Bringing Your Pet Guide
If you want to bring your beloved family pet or pets with you, German customs authorities will allow their entry into the country subject to the relevant paperwork being in order and provided that they are not on the Restricted Breeds list.
The following breeds and their crossbreeds will be refused entry:
- Pitbull terrier
- American Staffordshire terrier
- Staffordshire bull terrier
- Bull terrier
You are entitled to bring in up to five pets, on the understanding that they are not for resale but that they are domestic pets.
Moving Pets Within the EU
If you are moving your pet from another EU country or intend to move them around the EU once you arrive, this can be done with considerable ease with the EU Pet Passport.
This is a booklet that contains obligatory information concerning the pet: identification number, proof of valid vaccine against the rabies virus. This document is valid for the lifetime of the pet and is numbered for identification purposes.
Animals traveling to Germany need to have:
- Identification by microchip
- Valid vaccine against rabies
The passport can only be issued by a licensed EU vet. The vet will confirm that the animal:
- is identified by a microchip
- has valid vaccines against rabies
- has had a blood test to confirm the vaccine is in the system
Dogs and cats must be vaccinated against the rabies virus. This vaccination must have been given at least 30 days, but no more than 12 months before crossing the German border.
For other pets, the vet must certify them to be in good health and free from disease within 10 days prior to departure, excluding pet rabbits and rodents which can move between EU countries without vaccination or quarantine.
The EU Pet Passport grants the freedom to move your pet through the EU without quarantine.
Moving Pets to Germany from outside the EU
Animals must be identified and accompanied by official Vet Certificate documentation (similar to the EU passport), as requirements differ depending on the exact country of origin, you should consult the German Embassy in the country of departure for the exact details in your case.
If an animal is coming from a country on the approved European list, they must have been vaccinated against rabies. The US, Canada and Australia are all on this list. Coming from an approved country and meeting all the requirements of vaccination means that no quarantine is required.
Cats and dogs coming from an unapproved country will need an additional blood test, undertaken by an EU approved laboratory, at least 30 days after their rabies vaccination and three months before traveling. Quarantine may then not be required on arrival in Germany.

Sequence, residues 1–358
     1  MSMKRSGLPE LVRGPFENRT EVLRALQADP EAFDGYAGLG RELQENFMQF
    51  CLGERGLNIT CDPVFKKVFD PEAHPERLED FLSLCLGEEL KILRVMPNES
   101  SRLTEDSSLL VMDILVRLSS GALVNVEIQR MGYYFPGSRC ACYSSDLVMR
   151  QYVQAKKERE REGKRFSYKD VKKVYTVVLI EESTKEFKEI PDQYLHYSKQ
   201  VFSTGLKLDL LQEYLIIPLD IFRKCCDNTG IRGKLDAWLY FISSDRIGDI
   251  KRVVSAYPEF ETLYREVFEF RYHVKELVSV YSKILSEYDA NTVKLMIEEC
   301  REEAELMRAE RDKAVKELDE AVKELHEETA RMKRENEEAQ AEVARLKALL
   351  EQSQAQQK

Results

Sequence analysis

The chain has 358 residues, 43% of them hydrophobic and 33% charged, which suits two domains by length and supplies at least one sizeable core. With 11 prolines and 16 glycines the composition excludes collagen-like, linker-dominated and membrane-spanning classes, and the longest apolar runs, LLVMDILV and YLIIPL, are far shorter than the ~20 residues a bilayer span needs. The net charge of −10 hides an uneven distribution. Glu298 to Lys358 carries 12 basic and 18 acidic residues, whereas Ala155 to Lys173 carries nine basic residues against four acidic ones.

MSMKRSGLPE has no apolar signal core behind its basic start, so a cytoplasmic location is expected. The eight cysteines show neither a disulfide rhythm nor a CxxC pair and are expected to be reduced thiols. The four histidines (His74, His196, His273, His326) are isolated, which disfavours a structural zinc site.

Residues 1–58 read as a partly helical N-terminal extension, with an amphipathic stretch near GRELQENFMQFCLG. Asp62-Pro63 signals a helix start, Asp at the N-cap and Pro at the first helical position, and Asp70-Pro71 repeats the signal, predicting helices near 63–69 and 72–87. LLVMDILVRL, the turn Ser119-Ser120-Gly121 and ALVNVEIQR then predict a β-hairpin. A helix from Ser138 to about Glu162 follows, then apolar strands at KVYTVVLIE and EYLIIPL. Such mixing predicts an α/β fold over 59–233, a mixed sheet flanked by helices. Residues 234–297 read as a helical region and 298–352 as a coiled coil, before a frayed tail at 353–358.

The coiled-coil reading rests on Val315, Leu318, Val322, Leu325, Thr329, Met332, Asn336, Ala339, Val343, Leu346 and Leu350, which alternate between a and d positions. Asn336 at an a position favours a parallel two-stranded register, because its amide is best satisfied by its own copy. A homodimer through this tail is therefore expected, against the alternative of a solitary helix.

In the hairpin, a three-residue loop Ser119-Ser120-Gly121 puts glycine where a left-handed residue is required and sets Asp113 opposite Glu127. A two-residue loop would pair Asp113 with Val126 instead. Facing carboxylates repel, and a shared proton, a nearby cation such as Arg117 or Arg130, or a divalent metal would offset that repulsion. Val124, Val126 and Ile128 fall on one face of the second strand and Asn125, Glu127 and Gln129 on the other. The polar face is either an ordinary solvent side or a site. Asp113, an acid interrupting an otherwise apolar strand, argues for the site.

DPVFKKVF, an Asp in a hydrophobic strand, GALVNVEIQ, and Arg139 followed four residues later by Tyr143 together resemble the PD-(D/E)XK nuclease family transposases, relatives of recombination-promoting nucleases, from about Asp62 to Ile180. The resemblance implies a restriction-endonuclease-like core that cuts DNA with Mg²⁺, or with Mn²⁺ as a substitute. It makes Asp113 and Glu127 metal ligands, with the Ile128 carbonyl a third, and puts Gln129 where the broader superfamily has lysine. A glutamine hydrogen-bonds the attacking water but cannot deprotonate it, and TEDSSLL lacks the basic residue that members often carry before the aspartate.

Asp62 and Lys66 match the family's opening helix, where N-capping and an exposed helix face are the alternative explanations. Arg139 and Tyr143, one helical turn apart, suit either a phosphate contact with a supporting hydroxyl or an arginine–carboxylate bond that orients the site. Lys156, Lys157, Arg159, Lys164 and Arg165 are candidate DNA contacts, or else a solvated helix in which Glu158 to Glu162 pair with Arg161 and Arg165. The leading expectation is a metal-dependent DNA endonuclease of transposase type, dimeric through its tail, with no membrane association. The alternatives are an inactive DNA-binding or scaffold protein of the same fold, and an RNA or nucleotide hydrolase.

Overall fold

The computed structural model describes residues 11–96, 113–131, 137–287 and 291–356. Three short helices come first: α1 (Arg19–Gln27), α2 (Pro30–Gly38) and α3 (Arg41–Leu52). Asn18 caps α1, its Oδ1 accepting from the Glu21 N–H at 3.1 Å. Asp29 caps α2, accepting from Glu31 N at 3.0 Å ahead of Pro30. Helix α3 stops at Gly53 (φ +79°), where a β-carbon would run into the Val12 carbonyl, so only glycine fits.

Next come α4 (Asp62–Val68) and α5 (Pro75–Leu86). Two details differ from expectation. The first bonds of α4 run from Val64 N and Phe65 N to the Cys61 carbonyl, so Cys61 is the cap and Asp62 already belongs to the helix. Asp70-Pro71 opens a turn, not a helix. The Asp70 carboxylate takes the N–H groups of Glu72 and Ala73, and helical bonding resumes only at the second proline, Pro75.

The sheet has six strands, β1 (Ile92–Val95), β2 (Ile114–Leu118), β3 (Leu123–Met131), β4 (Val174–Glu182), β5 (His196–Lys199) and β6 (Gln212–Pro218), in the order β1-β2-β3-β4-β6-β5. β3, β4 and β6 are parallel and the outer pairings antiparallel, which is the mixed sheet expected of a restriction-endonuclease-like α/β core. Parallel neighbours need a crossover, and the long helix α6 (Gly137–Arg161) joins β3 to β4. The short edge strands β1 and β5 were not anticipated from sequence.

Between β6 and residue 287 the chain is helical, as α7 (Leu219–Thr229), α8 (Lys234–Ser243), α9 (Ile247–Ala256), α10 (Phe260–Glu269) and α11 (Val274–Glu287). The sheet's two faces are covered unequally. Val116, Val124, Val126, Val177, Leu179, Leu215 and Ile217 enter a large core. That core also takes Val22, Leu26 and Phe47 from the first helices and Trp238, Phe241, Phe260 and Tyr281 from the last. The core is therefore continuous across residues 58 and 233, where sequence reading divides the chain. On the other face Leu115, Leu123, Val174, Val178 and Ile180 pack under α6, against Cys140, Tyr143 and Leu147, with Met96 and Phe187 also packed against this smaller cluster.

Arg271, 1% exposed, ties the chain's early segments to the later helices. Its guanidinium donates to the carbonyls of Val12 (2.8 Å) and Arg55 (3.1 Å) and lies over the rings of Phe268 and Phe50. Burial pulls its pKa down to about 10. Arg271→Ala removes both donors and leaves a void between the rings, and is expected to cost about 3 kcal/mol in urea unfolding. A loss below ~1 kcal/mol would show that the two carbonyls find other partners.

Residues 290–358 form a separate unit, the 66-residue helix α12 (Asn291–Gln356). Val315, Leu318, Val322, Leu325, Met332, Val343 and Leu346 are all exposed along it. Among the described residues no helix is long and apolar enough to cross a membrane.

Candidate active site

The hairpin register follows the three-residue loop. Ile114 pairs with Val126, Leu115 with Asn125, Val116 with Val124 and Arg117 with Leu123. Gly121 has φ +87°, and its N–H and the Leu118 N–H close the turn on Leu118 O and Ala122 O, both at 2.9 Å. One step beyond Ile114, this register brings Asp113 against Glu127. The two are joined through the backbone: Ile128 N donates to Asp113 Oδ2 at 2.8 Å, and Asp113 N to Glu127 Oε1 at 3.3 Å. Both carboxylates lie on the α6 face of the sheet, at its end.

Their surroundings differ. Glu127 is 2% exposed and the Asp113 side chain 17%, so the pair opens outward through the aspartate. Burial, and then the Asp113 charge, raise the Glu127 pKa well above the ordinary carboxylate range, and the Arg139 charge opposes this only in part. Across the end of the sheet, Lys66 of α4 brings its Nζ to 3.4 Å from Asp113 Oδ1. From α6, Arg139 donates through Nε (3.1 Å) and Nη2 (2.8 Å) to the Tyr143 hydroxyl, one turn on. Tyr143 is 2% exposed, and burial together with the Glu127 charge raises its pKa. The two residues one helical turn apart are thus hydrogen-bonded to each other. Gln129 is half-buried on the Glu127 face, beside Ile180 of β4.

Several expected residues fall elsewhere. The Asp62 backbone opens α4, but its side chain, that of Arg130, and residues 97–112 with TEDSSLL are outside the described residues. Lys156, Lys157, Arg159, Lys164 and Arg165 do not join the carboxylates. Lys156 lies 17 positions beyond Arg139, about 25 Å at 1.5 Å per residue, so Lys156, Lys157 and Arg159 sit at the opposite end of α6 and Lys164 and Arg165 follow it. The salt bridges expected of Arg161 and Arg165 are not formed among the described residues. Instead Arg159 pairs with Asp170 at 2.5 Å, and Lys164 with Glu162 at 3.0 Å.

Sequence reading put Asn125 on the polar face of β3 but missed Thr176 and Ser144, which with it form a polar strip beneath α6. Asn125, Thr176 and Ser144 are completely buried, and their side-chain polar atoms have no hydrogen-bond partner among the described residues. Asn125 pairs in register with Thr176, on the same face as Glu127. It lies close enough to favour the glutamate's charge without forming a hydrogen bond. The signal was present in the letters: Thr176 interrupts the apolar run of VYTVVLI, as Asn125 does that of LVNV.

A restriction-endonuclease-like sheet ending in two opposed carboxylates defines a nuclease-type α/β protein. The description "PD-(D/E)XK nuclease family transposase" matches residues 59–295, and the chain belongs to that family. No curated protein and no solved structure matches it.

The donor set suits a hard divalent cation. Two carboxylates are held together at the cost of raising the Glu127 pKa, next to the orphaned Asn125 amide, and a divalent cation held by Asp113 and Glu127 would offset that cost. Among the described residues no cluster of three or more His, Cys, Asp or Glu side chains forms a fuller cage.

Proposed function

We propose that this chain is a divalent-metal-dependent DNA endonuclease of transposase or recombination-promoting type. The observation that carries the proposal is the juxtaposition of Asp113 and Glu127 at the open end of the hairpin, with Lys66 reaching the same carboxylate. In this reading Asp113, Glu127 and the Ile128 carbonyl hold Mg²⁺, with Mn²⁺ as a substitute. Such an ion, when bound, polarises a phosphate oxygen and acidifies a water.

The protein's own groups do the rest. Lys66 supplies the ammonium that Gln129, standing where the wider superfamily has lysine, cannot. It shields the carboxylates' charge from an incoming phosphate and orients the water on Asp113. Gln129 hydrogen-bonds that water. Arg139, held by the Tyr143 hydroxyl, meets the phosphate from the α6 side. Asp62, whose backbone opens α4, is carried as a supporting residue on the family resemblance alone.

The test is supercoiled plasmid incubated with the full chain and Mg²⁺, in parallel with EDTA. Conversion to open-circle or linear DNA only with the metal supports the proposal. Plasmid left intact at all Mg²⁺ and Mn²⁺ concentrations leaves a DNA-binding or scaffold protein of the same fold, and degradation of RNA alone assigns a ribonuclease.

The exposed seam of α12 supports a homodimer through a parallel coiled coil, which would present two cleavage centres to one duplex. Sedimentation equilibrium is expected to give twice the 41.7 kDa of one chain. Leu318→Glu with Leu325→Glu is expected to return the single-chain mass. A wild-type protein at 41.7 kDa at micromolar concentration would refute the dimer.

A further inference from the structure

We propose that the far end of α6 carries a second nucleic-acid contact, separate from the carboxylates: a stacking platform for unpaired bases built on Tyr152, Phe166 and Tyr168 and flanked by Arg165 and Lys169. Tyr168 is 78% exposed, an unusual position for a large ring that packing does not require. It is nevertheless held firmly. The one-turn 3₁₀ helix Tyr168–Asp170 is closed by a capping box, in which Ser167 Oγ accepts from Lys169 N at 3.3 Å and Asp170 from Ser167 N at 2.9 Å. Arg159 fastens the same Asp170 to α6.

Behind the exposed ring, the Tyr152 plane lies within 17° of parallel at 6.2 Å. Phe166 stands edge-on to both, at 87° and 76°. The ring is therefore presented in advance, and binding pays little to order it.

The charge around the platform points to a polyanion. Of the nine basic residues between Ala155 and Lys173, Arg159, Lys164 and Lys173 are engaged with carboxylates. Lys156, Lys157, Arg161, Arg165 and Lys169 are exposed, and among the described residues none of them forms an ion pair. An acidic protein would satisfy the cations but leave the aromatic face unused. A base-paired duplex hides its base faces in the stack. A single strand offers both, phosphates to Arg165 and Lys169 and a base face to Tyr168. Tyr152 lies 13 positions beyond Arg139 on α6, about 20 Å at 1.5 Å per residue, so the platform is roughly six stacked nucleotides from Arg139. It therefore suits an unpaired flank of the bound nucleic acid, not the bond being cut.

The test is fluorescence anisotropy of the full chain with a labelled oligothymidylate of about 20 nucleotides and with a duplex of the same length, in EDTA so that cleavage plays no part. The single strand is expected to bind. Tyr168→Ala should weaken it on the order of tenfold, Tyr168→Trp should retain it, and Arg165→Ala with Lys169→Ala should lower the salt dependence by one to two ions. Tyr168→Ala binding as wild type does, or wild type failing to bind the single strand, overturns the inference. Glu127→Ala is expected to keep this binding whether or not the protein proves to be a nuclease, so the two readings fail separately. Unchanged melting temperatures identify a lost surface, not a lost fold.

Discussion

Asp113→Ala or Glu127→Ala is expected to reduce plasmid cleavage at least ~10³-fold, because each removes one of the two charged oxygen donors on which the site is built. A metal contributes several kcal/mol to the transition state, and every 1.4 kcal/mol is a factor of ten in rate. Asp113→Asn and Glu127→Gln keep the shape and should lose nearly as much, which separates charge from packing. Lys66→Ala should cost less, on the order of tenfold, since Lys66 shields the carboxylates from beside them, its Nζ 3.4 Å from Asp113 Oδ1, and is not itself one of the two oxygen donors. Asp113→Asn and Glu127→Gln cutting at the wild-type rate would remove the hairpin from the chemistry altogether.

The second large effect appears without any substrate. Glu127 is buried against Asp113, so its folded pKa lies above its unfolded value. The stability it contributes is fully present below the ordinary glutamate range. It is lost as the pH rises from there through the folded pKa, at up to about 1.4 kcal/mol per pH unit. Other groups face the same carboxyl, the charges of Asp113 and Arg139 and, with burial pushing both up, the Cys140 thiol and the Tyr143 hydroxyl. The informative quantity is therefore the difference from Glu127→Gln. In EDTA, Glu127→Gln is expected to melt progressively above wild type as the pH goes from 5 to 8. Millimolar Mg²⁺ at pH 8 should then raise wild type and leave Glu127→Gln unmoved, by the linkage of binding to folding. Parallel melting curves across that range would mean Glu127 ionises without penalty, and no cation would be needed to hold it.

Similar requirements exist if an animal leaves Germany temporarily for an unapproved country and then returns again.
Once the pet arrives in Germany, a vet will be able to issue an EU Pet Passport allowing the animal to travel elsewhere within the EU.
Any animals coming from non-EU countries will need paperwork which contains confirmation of vaccination and microchip identification details, these will all need to be translated into German.
Pet rabbits and rodents coming from outside the EU must spend a period of six months in quarantine.
If you are flying with your pets, you don’t need to notify customs in advance. But be sure that all of your paperwork (Official Vet Certificate) is in order, stapled and signed by your Vet, otherwise your pet will need to stay in quarantine until it is all sorted out.
Once in Berlin
All dogs in Germany must be microchipped for identification, tattoos are no a longer valid pet identification in Germany. However, cats do not need to be microchipped.
All dogs must be vaccinated annually against rabies. No other vaccinations are compulsory however the following are recommended:
|Dogs:||C – Hundestaupe (Distemper)
H – Hepatitis (infectious hepatitis)
P – Parvovirose (Parvovirus)
L – Leptospirose (Leptospirosis)
For more information, you can visit the German Customs website at http://www.zoll.de/english_version/index.html
To download a copy of the German Vet Certificate that is required by customs, cilck here: http://ec.europa.eu/food/animal/liveanimals/pets/sanco10767r4_de.pdf